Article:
Something to Try Instead
The first thing to do if you’ve decided against a low-carb diet is to simply change the type of carbs you’re consuming. Start with eliminating highly processed carbs (Cheezits, anyone?) and replacing them with whole grain everything. Also, try consuming complex carbs that come from veggies like sweet potatoes. (See this article regarding complex versus simple carbs.) Your energy should stay up and you’ll stay feeling satiated and satisfied. Note: I am not a doctor or dietician, so everything you try is at your own risk. As always, I strongly encourage you to do your own research.
Examples of great, weight-loss friendly carbs:
- Brown rice
- Bananas & apples
- Whole grain breads (I love Dave’s Killer)
- Whole grain pastas
- Sweet potatoes
- Rolled or steel-cut oats
Note: Getting white versus brown anything (rice, pasta, bread) usually means that the fiber has been stripped from the food. You need that stuff to keep your “systems” going and your energy up! Plus, sometimes “white” foods are bleached. Yuck.
Carb-Cycling: A Low-Carb Diet Alternative
Almost all of us have a tendency to over-do it on carbs. But that doesn’t mean that we don’t need them. Carb-cycling may be a great alternative to a low-carb diet because it involves an intentional use of carbs.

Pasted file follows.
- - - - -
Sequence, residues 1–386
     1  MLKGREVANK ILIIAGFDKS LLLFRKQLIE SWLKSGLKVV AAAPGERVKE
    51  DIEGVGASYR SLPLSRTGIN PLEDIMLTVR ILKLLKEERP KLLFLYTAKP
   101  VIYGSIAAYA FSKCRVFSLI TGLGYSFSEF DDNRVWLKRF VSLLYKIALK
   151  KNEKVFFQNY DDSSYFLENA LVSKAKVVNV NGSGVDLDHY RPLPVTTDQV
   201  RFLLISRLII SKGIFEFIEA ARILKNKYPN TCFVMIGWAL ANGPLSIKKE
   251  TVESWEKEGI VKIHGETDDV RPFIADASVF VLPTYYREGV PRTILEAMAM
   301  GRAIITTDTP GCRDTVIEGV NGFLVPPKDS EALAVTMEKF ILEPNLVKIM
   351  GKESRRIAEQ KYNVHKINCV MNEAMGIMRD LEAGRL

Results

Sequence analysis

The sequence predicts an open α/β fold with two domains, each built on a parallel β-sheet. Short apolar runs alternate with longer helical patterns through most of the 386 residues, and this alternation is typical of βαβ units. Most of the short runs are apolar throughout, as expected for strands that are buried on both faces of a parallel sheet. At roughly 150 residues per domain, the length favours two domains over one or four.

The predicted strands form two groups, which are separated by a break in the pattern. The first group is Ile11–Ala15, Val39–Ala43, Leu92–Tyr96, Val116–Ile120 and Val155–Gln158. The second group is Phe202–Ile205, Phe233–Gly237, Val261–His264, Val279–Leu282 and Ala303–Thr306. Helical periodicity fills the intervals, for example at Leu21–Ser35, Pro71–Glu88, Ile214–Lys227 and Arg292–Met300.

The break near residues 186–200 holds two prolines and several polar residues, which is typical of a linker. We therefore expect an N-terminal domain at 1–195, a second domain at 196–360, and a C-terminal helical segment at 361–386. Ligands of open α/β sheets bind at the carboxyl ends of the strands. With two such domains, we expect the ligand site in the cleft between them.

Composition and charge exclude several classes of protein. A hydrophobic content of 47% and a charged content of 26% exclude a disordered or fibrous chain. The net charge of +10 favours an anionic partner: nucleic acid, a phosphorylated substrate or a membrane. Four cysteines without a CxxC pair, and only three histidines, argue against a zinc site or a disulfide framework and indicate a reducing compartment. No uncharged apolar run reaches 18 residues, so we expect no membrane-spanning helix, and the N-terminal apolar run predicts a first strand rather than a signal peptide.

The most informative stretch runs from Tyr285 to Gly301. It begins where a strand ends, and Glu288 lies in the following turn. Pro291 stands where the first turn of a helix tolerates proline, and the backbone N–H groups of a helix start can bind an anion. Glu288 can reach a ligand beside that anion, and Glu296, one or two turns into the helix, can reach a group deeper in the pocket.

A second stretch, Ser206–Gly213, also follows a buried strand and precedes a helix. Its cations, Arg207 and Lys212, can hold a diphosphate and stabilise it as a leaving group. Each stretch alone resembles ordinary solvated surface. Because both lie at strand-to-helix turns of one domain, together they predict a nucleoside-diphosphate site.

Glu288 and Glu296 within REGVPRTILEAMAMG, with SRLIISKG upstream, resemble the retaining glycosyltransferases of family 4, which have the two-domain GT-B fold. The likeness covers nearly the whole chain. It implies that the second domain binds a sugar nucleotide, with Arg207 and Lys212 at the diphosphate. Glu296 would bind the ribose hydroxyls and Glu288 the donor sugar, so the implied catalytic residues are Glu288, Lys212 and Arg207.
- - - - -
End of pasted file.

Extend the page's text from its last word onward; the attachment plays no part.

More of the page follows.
In short, carb-cycling means that you eat heavier amounts of carbohydrates on specific days. On your “off” days, you might get significant less carbs and significantly more fat or protein. In most cases, you’ll want more carbs when you’re doing heavy cardio, and less carbs on days where you’re resting or strength training. The idea is that you only give your body the extra energy/calories when needed. You force your metabolism to stay busy and alert by mixing it up. This more be more sustainable for those of us who really rely on those carbs to power us through long days or hard runs. You can read more about carb cycling here.
The Bottom Line
The food and fitness industries want to sell you something at any given time. Diets are great for starting out, but a truly healthy lifestyle involves every-day decisions. There aren’t timelines because the decision to be healthy doesn’t end. If you want truly significant weight loss and a lasting healthy lifestyle, you’ll realize that your success is the summation of consistency.
Cutting out entire food groups is not something most true fitness professionals recommend as a long-term option. But as always, the decision is yours. The most powerful thing you can do for yourself is do your own research and do what is best for you.
I hope that this post helps you in your own health or weight loss journey. There is no such thing as one-size-fits all when it comes to health, but I hope that this helps get the wheels turning.
Have you tried a low-carb diet? Did it work? Did it last? Tell me all about it by leaving a comment below!